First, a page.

The Lexus LC500 fits perfectly into its grand touring shoes. It flows on the road so effortlessly, blocking out any unwanted bumps or sounds, just letting in the rumble of that naturally-aspirated V8.
It lacks the dynamics to fully attack a series of corners, but still makes the experience of driving them with some enthusiasm an absolute pleasure.
The LC500 is one of the best looking and sounding cars we have had on the CarExpert test track, but the track isn’t its natural habitat.
With all the luxury and comfort dialled into this package, it is hard maximise it on the track.
The LC500 is missing the connection and precision to be an all-out track weapon, but that doesn’t mean there aren’t a lot of positives to this vehicle.
The naturally-aspirated 5.0-litre V8 is almost identical to the Lexus RC F we tested last year. Power is the same with 351kW at 7100 rpm, but torque is slightly higher with 540Nm at 4800rpm.
The big difference between the two cars is the sound, with the LC500 taking the already fantastic exhaust note to another level.
The performance the LC500 is far from underwhelming, but if you want to take it up a notch, it either needs more torque, less weight or a combination of the two. It’s far from ‘slow’, but to get the momentum going you really rely on the lower-end of the engine’s power and torque band, and that’s not where this motor shines.
Once the car and engine are up to speed, there’s no issues at all. The sound is amazing and the engine loves to rev, making that part of the experience so much better than some its turbocharged peers.
I found the braking to be inconsistent and difficult to build confidence with. The issue is more with the brake pedal rather than the brakes themselves, the variation in pedal travel and feedback was massive.
Also, the input didn’t always relate directly to the outcome. Sometimes a light brush of the brake pedal would result in sharp deceleration, which would completely destroy the desired result.
The challenges I faced under braking really made it a difficult to put together a good lap. I had to under-drive in places just to ensure I actually put the lap together.
The chassis was decent, but it was hard to get a good feeling from it because of the comfort levels that have been dialled in, which was compounded by the LC500’s 1970kg weight.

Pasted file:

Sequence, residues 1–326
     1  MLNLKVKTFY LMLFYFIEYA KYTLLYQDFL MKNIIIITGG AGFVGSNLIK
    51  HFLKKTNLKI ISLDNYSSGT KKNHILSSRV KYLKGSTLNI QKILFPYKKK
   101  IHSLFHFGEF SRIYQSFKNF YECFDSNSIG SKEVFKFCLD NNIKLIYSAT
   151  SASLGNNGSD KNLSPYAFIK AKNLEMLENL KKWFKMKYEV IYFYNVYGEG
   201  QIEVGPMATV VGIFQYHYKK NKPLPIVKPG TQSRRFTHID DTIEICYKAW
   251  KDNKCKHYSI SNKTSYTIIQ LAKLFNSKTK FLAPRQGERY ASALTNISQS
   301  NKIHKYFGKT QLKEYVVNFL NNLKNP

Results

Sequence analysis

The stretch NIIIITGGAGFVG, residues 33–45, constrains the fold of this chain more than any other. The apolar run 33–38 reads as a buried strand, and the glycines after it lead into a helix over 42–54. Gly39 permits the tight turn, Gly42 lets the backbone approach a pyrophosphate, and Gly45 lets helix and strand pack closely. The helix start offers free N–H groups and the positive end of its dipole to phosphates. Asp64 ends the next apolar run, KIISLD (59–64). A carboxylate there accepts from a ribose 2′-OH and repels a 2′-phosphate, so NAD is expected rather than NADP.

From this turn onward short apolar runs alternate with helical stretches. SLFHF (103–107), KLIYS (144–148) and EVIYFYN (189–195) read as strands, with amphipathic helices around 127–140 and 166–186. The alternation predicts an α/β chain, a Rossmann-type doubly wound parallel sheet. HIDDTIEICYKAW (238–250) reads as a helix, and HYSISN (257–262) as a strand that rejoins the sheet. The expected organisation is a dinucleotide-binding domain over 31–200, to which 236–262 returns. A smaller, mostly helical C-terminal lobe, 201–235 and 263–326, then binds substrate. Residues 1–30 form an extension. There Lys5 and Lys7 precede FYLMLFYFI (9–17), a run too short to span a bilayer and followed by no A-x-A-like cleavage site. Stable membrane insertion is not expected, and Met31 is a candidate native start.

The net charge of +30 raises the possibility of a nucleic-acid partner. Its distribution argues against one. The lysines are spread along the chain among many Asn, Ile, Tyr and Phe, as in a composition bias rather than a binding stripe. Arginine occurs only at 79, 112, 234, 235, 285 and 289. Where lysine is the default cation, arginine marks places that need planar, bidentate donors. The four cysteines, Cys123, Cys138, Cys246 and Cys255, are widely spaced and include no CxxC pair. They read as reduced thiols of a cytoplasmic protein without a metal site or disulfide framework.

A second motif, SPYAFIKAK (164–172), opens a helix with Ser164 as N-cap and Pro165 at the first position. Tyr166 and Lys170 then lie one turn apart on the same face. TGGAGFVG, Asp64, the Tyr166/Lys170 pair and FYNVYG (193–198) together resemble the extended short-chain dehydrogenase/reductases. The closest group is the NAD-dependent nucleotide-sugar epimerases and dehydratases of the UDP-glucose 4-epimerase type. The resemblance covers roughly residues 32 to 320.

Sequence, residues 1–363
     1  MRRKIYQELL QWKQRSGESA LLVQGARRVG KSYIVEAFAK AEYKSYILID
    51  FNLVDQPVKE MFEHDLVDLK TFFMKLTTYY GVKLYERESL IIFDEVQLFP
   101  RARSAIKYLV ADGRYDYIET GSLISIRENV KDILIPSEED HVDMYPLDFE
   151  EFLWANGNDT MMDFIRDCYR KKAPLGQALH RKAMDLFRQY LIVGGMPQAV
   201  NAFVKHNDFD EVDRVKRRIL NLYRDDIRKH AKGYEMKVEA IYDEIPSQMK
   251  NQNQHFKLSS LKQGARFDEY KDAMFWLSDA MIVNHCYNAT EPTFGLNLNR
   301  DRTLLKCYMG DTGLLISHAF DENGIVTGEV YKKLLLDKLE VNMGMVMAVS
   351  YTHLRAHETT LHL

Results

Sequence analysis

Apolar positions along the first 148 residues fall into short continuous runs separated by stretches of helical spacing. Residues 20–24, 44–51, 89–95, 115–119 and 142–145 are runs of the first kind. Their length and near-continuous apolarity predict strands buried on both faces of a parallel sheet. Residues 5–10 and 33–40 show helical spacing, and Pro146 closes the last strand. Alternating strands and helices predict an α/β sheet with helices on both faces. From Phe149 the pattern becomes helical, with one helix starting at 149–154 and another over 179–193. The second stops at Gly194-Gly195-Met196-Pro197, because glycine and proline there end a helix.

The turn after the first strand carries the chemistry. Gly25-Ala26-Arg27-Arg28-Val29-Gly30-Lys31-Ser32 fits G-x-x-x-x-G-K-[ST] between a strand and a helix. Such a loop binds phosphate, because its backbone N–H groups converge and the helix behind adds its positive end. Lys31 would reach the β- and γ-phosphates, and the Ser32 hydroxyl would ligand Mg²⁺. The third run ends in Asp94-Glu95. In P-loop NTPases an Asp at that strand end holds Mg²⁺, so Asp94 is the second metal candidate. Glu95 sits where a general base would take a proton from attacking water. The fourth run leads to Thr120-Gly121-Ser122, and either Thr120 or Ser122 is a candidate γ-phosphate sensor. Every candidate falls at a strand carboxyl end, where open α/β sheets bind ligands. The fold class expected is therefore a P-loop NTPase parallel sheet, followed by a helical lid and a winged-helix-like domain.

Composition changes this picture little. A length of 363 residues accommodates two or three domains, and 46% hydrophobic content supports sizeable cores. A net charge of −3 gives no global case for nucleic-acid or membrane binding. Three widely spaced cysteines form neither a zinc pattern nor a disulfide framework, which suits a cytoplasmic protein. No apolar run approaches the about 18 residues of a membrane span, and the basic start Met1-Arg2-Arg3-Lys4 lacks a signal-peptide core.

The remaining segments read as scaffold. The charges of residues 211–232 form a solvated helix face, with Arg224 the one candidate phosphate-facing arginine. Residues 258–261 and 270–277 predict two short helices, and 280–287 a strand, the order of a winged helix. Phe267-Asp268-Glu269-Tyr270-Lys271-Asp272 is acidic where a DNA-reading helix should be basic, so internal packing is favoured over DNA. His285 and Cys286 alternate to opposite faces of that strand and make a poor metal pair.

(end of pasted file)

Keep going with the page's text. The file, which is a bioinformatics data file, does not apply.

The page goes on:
You can see that although the car fits into a sports car category, the levels of luxury and comfort have been maintained much more than many of its competitors – it’s more of a GT.
It’s almost difficult to go into too much detail about the chassis because you feel so separated from it. All the movements are very delayed, and you have to predict where the car will end up following your input.
This is really noticeable with quick changes of direction and you can easily miss the apex if you’re not careful.
It’s funny that despite the amount of movement, I actually still enjoyed throwing the car around and was able to execute some of the best drifts of the year!
Fundamentally, I don’t think there are any major issues with the chassis and I am sure Lexus could really dial it in with some suspension changes.
As with the Lexus RC F, I found the Lexus LC500’s differential to be a little bit inconsistent. I think for driving at 90 per cent it works completely fine.
It’s just when you need a quick reaction to slip across the axle, I found it a little bit slow.
As proven by some epic drifts, the overall locking is more than enough, but I feel earlier locking would make the car feel more together. The problem with this is it might hurt the day-to-day feeling of the car.
With a 10-speed auto, the LC500 certainly isn’t lacking in gears. To be honest it didn’t make a lot of sense on the track as you still needed to be in exactly the right gear for the engine to perform at its best.